A few weeks ago I was in the process of transferring my bokmarks from Safari to Firefox (if someone more technologically inclined can tell me how to do this in any way better than one link at a time, please do) when I ran across a website I found years ago full of fluffy happiness. is home to a large amount of enormous stuffed animals, most of which are adorable to the point of squeal-inducing. I say 'most' because the giraffe is kinda ugly, and looks more like a lovechild of Bambi and Marlon Brando than anything else. To my great delight, unlike the last time I looked at the animal inventory, Squishable had acquired a stuffed seal. A few, in fact, and I instantly fell in love with the harbor seal.

I sent Dave an email containing the link, with the heading "CAN I HAVE THIS PRETTY PRETTY PLEASE?!?!?!?!?!", really meaning it as a joke. Two weeks later, this arrived in the mail.

He is adorable, and I love him, and I literally cuddled in bed with him for two hours after I released him from his cardboard prison.

A quick side note on packing: Is it really necessary to pack a stuffed animal in a box twice it's size, and surround it with 23 inflated plastic cushions? What harm could possibly befall something that comes from a website called 'Squishable'? Needless to say, he was fine. He did, however, need a name.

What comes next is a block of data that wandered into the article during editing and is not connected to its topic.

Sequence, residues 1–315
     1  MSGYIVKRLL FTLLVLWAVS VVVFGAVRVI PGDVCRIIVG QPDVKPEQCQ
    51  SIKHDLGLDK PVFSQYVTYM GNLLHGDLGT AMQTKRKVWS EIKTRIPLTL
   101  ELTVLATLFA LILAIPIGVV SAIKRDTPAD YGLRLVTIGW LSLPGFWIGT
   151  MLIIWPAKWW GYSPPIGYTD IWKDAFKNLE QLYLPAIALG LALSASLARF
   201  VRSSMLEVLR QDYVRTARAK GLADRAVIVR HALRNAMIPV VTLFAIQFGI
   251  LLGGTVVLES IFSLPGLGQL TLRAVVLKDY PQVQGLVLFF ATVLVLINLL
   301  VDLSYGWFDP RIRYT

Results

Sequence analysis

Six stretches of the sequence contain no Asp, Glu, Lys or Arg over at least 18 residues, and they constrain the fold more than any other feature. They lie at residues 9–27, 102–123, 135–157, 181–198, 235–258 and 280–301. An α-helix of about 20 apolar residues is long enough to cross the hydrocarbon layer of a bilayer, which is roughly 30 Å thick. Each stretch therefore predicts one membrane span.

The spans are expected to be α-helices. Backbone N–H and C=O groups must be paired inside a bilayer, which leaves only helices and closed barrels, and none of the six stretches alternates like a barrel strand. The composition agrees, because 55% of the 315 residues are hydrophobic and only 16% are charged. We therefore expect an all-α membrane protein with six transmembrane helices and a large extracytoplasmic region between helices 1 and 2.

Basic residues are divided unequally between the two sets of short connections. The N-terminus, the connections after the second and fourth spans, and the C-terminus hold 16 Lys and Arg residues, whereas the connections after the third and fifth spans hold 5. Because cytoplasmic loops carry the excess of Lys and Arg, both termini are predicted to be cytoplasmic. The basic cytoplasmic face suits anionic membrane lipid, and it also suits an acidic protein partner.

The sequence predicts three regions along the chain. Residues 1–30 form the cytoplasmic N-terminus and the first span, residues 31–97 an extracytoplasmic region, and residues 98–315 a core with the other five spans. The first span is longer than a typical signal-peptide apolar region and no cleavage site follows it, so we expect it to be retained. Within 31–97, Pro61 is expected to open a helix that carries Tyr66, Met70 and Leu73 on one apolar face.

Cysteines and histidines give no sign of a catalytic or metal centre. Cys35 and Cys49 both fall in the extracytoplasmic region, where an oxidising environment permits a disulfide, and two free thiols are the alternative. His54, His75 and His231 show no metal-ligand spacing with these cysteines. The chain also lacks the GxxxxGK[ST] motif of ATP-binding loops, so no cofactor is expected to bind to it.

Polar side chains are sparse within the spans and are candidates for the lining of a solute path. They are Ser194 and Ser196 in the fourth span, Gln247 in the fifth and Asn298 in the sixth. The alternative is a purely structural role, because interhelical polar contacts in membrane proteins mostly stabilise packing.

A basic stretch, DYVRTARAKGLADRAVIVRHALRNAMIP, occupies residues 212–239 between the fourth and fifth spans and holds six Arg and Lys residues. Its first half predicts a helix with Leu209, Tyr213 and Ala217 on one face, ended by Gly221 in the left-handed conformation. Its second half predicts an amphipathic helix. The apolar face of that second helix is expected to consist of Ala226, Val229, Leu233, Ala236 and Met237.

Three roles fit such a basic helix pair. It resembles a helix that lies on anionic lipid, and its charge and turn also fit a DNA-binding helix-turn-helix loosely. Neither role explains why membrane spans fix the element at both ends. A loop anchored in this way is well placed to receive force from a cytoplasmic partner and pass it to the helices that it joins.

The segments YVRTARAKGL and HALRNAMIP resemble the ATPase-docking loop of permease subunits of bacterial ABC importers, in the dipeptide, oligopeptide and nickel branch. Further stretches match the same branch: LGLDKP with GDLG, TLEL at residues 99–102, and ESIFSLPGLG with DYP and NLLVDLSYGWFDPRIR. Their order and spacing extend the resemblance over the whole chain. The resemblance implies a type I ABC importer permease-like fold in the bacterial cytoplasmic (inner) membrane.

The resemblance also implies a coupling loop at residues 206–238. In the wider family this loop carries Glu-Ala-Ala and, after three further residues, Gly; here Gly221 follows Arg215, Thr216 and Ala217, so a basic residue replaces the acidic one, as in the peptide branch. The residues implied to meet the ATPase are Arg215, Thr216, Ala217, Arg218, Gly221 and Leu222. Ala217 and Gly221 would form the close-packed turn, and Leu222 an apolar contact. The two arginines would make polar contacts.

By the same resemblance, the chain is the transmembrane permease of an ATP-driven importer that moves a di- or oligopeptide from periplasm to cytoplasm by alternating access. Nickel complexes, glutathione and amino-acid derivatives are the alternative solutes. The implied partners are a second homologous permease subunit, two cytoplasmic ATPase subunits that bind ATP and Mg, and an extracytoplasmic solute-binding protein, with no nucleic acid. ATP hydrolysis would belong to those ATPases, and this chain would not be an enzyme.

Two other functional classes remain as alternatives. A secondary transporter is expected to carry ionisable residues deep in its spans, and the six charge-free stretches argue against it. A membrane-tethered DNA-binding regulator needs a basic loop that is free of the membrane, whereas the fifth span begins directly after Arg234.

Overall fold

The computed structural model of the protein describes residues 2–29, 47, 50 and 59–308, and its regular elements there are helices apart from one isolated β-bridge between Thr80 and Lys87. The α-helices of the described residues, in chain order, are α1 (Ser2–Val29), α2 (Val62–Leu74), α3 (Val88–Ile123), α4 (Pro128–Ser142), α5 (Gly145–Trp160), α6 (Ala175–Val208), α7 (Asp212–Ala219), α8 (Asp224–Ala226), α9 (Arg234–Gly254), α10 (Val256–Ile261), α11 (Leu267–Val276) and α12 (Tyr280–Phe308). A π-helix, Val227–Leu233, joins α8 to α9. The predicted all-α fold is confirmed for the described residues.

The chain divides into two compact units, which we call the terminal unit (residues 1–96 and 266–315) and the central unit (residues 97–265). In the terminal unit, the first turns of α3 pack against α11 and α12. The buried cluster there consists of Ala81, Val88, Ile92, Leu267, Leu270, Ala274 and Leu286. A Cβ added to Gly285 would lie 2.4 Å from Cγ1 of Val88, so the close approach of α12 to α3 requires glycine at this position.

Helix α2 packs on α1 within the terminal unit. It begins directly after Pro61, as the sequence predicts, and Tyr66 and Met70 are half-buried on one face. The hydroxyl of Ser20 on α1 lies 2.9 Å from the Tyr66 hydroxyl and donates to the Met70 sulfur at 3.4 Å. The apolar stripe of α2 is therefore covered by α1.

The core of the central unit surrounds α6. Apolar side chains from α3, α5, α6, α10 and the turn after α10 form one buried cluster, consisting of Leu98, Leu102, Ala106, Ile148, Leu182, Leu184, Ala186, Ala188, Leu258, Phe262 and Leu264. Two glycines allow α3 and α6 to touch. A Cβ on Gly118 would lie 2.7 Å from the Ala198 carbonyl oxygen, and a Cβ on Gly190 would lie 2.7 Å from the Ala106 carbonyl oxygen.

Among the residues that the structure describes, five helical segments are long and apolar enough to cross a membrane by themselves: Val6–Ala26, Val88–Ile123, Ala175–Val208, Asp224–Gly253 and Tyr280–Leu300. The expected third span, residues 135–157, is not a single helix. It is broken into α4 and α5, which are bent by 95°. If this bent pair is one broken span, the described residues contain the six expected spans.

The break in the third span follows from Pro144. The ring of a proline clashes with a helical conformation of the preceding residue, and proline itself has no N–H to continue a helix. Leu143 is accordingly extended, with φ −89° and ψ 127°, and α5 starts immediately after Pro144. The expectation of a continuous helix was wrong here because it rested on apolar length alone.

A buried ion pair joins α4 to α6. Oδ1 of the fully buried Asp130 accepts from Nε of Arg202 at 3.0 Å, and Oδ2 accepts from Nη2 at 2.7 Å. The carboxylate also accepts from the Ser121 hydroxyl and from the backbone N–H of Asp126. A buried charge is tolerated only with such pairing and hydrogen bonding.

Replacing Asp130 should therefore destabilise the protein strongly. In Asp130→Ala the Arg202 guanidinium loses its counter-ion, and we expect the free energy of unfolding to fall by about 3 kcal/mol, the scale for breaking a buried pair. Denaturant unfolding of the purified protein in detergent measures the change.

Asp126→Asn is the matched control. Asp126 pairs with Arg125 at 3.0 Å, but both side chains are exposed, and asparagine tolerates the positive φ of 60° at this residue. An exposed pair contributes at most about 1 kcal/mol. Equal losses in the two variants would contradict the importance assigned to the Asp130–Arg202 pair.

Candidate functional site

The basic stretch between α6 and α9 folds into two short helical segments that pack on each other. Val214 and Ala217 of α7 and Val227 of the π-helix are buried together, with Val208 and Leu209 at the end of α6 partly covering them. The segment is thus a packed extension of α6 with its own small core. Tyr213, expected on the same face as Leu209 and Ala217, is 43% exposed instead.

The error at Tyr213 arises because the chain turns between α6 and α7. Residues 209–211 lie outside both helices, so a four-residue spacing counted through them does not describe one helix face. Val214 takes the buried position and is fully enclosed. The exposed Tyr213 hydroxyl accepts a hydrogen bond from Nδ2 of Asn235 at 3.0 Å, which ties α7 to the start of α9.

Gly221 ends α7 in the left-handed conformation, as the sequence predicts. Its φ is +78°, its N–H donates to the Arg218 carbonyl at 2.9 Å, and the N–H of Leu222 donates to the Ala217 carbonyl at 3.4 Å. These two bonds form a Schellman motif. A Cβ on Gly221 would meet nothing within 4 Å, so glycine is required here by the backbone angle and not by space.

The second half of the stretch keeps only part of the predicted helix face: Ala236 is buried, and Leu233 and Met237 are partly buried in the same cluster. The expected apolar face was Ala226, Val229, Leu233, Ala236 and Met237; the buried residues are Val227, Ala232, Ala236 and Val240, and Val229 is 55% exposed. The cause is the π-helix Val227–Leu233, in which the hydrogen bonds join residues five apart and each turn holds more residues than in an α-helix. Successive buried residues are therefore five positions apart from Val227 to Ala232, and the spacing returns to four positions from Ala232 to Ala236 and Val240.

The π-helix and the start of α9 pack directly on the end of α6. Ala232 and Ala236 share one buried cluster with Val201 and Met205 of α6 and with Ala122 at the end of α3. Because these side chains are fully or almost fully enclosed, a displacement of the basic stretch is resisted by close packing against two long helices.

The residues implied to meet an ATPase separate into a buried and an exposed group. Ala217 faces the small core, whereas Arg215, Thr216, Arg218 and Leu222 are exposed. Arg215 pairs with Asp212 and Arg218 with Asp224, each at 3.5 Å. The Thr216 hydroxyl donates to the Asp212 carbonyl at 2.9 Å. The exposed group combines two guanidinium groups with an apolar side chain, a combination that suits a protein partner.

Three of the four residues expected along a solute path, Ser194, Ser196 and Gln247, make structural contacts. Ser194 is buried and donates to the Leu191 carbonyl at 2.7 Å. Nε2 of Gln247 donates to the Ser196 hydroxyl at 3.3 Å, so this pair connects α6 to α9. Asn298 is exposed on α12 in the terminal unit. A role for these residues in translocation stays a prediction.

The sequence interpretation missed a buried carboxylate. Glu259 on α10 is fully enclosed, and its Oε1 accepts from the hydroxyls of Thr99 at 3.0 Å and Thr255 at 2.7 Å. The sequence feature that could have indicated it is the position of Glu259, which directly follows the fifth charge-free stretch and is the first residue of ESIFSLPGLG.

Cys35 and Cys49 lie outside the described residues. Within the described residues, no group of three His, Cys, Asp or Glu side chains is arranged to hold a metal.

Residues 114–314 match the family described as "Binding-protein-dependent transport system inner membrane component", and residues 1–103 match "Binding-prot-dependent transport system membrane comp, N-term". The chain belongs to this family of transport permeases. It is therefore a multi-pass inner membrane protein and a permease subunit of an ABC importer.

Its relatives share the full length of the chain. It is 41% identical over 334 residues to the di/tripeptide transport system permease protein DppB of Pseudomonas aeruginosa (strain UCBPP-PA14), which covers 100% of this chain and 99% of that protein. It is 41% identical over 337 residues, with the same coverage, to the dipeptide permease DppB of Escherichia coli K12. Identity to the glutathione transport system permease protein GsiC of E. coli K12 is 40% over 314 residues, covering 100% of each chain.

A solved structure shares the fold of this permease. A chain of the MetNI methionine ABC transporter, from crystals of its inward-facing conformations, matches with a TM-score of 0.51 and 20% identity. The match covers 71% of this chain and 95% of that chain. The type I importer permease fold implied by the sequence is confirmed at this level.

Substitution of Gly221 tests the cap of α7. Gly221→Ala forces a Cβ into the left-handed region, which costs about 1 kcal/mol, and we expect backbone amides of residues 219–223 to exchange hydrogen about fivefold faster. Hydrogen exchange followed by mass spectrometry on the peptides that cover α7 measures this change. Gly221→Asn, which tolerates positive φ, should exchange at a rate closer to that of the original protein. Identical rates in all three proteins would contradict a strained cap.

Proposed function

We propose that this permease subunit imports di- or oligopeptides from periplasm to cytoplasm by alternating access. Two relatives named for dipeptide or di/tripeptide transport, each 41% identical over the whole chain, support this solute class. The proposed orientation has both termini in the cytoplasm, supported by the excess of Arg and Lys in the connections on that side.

All of my stuffed animals have names, and usually they just come to me, but for whatever reason, I had difficulty naming this one. I turned to Facebook for help, and got suggestions ranging from 'Seal' to 'Spot'. None seemed to fit. Then a friend of mine with a sick sense of humor suggested 'Clubby'. This was a bit too cutesy for my taste, but Baron LeClub had just the right amount of twisted humor and coolness that this giant cuddly thing deserves. I have yet to procure the eye-patch necessary to complete the Baron's look, but I hope to do so soon.

The Baron, as Dave and I refer to him, has taken up permanent residence in our bed. One or the other of us will clasp him tightly as we sleep, and I have been awoken more than once by Dave prodding me in the face, using The Baron as a poking device. He also sings to him. I was shutting my computer down for the night and from the bed I heard,
"Me and my seal, together forever.
Me and my seal, best friends forever."
Sometimes I fear I am engaged to a toddler in a man's body.

Tuesday, August 17, 2010

Apple Pie!

No, this is not The Pie - those of you who know me are aware of what this is, those who don't will have to wait until Thanksgiving for that recipe. This is a plain, old, very delicious apple pie that my dad used to make all the time. It can be found in James Beard's American Cookery - a book that was to American cuisine for Americans what Mastering the Art of French Cooking was to French cuisine for Americans. It has everything from cocktail food to candy, and a copy has been in my family's kitchen for as long as I can remember. But I digress.